ORONO — University of Maine football coach Joe Harasymiak approached Jeff DeVaughn and asked him to speak at the memorial service for Darius Minor, the 18-year-old freshman who collapsed and died during an on-campus workout on July 24.

DeVaughn, a fifth-year defensive back for the Black Bears, did not hesitate.


“I felt like I had to do it,” DeVaughn said Tuesday during the team’s annual media day. “I felt like, I was his mentor. Coach H had asked me to take him under my wing. He was a quiet kid so I wanted to help him out, show him around campus, help him learn his position, be there whenever he needed it.

“I wanted to do it and spoke from the heart.”

He told his teammates to never take anything for granted, to make the most of every opportunity because that’s what Minor was trying to do. His speech helped start the healing process, which continues each day for the Black Bears.

Those who have watched the 5-foot-10, 193-pound DeVaughn grow at UMaine knew he could handle the situation. He may not be one of the best-known players for the Black Bears – he excels on special teams and is a sure tackler at safety, with 72 tackles and three interceptions in his career – but he is certainly one of the most-respected.


“I lived with Jeff my second year here,” said Cody Levy, a senior offensive lineman. “I knew even then that he was a leader. He always wants to do the right thing, wants to help everyone do the right thing. He’s a guy who comes to work hard … who just wants to make sure things are done the right way, the Maine way.”

Sterling Sheffield, a senior linebacker, said DeVaughn is one of the best leaders he’s seen at Maine, along with fifth-year senior quarterback-turned-tight end Drew Belcher and former Black Bears Jamil Demby, who was drafted by the Los Angeles Rams in the spring, and Christophe Mulumba Tshimanga, now playing in the Canadian Football League.

“They all put the team first, which is something that’s hard to do,” said Sheffield.

But it goes beyond the field with the 22-year-old DeVaughn, who earned his degree in kinesiology and is now working toward his master’s degree in the school’s higher education program. He is involved in many campus activities, such as the Student Advisory Board, the Elite 13 and Male Athletes against Domestic Violence, and has spoken to several other groups.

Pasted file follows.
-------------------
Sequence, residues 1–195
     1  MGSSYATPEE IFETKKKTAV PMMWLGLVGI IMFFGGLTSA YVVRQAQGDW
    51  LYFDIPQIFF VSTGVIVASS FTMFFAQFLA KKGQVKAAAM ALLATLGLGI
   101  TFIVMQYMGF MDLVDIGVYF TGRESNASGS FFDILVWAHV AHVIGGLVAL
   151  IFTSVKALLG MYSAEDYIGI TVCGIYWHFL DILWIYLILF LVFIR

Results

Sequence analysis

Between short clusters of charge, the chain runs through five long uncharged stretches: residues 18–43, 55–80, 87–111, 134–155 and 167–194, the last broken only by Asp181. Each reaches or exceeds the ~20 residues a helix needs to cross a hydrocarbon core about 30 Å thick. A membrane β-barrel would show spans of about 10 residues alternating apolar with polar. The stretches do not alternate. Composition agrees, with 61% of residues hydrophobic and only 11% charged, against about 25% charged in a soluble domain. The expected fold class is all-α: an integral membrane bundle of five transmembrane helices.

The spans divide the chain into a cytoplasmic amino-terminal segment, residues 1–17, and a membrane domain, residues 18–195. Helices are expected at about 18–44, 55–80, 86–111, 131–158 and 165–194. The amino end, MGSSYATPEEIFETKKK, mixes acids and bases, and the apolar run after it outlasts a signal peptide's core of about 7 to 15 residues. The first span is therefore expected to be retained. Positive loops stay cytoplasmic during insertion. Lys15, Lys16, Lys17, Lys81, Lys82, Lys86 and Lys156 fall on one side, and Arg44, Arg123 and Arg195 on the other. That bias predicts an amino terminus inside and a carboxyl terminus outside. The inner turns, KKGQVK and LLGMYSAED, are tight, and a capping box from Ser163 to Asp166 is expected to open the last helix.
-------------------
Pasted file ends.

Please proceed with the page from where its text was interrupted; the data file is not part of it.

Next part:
“I try to be more than just an athlete,” he said. “I want to be involved in things in my community.”

Harasymiak said DeVaughn is one of the best representatives of the football team on campus, along with Belcher. “They do everything right,” said Harasymiak. “They’ve got great relationships on campus and are going to be successful in whatever they do in life.”


DeVaughn’s team-first attitude is one reason why he is so good at special teams. He has averaged 21.0 yards per kickoff return during his career and, even as a fifth-year player, looks forward to being on special teams. “That’s how I got to where I am now,” he said.

When he arrived from Philadelphia, he wasn’t sure what to expect. “On my (recruiting) visit, I got off the plane and there were no billboards, no skyscrapers,” he said. “Coming from city life, to here, seeing nothing …”

But he immediately began to make an impression.

“Even as a young guy, I came here and wanted to prove myself, to hold myself to a higher standard, the way I walk around, on and off the field,” he said. “That goes a long way in life. I don’t take that for granted. When a young guy sees me, I want him to see me doing the right thing, especially at practice.

“It might be hot, things might not be going right, but I want to be there, showing him I’m having fun, with a smile on my face.”

Manny Patterson, the team’s exceptional junior cornerback, said DeVaughn – who is his roommate – pushes him to be better.


“He’s just as dedicated as I am to getting better and wanting to win,” said Patterson. “That what I need.”

After sitting out his freshman season as a redshirt, DeVaughn played in all 11 games the next two years. A shoulder injury limited him last year to nine games and he had offseason surgery. He feels healthy and ready to go this year.

“I wanted to be 100 percent, not 80 or 70,” he said. “I didn’t want to let my teammates down.”

Mike Lowe can be contacted at 791-6422 or:


Twitter: MikeLowePPH

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